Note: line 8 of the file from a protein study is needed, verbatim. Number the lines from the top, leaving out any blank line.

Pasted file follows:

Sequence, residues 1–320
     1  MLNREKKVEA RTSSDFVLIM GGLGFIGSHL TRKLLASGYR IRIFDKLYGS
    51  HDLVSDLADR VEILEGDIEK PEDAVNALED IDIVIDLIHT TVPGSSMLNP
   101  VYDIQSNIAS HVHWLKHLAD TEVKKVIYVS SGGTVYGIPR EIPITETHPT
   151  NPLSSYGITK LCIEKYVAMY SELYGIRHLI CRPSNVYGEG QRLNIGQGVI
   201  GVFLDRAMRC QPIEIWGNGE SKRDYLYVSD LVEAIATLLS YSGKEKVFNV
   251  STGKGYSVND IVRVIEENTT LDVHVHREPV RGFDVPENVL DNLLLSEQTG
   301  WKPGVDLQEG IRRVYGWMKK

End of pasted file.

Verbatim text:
   301  WKPGVDLQEG IRRVYGWMKK